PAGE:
As almost every major sporting event is cancelled, Fraser Innes pitches an alternative to watch: Marbles.
As they race down the course, bouncing off walls and each other, there is something quite entrancing about the movement of marbles and their progression on each other and the clock. Jelle Bakker has seen this and seized upon it and now has more than six hundred thousand YouTube subscribers to show for it.
The high production value on his videos, through their professional level of graphics and the superb commentary by Gregg Woods, elevates the racing to a level of fascination that should not be possible through just glass balls and gravity.
His racing initially began with the MarbleLympics (changed recently to Marble League after a run-in with the IOC’s legal team), a series of events vaguely analogous to Olympic sports, but has since expanded to a “Sand Marble Rally” and the currently debuting Marbula 1 (The FIA are a bit more friendly).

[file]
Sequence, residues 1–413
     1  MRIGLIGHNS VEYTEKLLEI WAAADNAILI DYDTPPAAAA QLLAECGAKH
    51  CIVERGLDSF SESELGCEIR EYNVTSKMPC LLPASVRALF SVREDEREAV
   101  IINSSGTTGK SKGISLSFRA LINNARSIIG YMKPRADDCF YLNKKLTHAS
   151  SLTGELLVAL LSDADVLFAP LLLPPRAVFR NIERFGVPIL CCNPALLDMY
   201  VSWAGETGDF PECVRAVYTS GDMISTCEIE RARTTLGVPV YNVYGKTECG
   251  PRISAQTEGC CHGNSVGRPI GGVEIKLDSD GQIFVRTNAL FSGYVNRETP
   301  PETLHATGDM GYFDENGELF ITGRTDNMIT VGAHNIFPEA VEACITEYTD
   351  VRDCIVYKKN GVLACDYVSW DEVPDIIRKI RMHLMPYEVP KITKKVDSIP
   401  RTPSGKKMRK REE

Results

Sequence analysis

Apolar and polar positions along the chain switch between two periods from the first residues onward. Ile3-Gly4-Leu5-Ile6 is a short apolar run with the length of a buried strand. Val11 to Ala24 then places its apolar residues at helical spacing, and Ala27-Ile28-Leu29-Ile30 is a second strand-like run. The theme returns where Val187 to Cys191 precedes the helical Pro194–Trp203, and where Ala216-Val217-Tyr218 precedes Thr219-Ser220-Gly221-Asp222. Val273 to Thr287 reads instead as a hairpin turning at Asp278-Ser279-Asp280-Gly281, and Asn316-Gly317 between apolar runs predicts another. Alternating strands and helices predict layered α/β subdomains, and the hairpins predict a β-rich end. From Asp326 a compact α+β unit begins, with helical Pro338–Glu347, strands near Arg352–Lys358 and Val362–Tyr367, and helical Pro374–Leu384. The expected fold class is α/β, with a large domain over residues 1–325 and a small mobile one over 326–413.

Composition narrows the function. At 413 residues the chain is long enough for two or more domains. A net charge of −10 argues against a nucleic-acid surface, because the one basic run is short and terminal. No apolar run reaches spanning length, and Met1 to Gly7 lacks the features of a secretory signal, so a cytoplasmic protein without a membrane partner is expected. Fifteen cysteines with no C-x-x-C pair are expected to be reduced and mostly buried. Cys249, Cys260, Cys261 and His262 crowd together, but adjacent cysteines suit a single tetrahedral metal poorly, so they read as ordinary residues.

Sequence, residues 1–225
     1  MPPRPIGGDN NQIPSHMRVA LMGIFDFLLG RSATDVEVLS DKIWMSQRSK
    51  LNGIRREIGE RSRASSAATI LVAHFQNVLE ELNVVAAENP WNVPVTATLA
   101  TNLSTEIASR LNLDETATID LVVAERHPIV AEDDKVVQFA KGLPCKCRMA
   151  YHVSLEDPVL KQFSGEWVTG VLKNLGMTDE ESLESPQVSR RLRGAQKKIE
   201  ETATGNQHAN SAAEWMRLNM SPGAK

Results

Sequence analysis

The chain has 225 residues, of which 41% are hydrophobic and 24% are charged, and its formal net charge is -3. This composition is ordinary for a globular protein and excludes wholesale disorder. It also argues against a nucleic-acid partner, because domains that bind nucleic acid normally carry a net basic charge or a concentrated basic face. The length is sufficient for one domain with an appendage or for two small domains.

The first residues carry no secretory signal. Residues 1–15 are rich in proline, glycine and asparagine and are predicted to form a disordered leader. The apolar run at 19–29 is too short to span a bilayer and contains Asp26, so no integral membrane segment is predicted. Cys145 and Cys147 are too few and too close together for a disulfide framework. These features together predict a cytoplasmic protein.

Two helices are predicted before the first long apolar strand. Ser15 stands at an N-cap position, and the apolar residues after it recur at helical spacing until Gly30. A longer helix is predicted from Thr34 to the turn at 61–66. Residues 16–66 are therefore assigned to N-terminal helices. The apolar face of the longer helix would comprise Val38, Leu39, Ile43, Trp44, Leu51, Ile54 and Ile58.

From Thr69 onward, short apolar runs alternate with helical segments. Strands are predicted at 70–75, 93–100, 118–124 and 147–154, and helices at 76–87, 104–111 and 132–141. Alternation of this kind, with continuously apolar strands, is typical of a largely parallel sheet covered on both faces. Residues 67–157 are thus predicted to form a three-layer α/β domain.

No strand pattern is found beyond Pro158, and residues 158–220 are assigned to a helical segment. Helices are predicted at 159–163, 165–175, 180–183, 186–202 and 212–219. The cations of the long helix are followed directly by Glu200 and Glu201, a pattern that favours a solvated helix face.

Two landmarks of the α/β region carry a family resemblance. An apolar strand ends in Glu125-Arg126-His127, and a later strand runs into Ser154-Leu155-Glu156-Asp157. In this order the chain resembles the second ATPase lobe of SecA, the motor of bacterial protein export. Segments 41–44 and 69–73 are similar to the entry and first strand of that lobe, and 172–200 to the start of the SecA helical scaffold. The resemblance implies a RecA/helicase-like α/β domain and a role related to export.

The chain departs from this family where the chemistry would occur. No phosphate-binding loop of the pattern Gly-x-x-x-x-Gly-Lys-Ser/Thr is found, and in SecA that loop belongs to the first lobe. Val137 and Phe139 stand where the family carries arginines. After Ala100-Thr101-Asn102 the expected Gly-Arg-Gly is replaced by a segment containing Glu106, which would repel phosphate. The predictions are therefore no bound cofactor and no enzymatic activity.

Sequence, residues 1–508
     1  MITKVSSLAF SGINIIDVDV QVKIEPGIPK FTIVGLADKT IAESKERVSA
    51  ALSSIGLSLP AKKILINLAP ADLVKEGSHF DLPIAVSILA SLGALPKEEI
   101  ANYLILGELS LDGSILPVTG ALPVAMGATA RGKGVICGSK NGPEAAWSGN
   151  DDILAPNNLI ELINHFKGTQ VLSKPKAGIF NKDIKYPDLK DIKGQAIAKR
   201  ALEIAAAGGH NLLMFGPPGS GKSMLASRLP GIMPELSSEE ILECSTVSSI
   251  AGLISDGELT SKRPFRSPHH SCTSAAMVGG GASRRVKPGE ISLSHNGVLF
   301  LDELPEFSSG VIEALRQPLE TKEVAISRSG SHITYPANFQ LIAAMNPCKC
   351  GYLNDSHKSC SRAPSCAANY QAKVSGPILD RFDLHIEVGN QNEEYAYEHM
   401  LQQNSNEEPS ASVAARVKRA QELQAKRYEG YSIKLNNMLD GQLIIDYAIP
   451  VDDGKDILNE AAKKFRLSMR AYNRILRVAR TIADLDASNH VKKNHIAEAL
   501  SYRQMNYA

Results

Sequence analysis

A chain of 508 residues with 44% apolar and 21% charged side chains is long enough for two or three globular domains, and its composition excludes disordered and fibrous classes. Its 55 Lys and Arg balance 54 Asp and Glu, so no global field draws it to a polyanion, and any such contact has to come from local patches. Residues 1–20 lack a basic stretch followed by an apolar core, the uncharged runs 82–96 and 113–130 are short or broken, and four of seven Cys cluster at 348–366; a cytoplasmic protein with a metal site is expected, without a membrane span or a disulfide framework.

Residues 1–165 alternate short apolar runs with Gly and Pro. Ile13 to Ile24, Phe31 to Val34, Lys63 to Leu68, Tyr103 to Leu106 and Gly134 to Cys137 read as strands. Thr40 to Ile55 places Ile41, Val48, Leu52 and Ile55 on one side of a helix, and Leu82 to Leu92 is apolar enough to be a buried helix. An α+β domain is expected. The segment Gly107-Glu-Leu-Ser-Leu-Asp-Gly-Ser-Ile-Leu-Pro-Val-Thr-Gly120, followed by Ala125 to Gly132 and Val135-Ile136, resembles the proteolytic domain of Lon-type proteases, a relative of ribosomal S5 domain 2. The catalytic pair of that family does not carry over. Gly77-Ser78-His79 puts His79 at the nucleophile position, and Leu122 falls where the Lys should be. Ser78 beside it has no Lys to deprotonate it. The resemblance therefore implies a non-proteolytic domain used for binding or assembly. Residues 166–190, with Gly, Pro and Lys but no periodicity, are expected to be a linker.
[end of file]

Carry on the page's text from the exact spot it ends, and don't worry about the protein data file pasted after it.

The sport has risen out of obscurity somewhat in recent years, having been part of the ESPN8: The Ocho broadcasting two years running (An annual reference to Dodgeball: A True Underdog Story, a 2004 film, where they show somewhat obscure sport) and other outlets have reported on the sport in the gap where sports news usually is.
While the relative successes of any marble are random luck, narratives have been weaved through these marbles, be it Oceanic’s ironic inability to compete in the water events, or the so-called “host’s curse” for Marbula 1. My own beloved Limers have an unfortunate habit of clutching defeat from the jaws of victory, missing out on Marble League qualification all together two years running.
These storylines and underdog tales are part of what makes sport so brilliant, and since the human athletes are unable to compete, I would encourage you to allow marble athletes to fill up the gap by tuning into the Greenstone GP this weekend.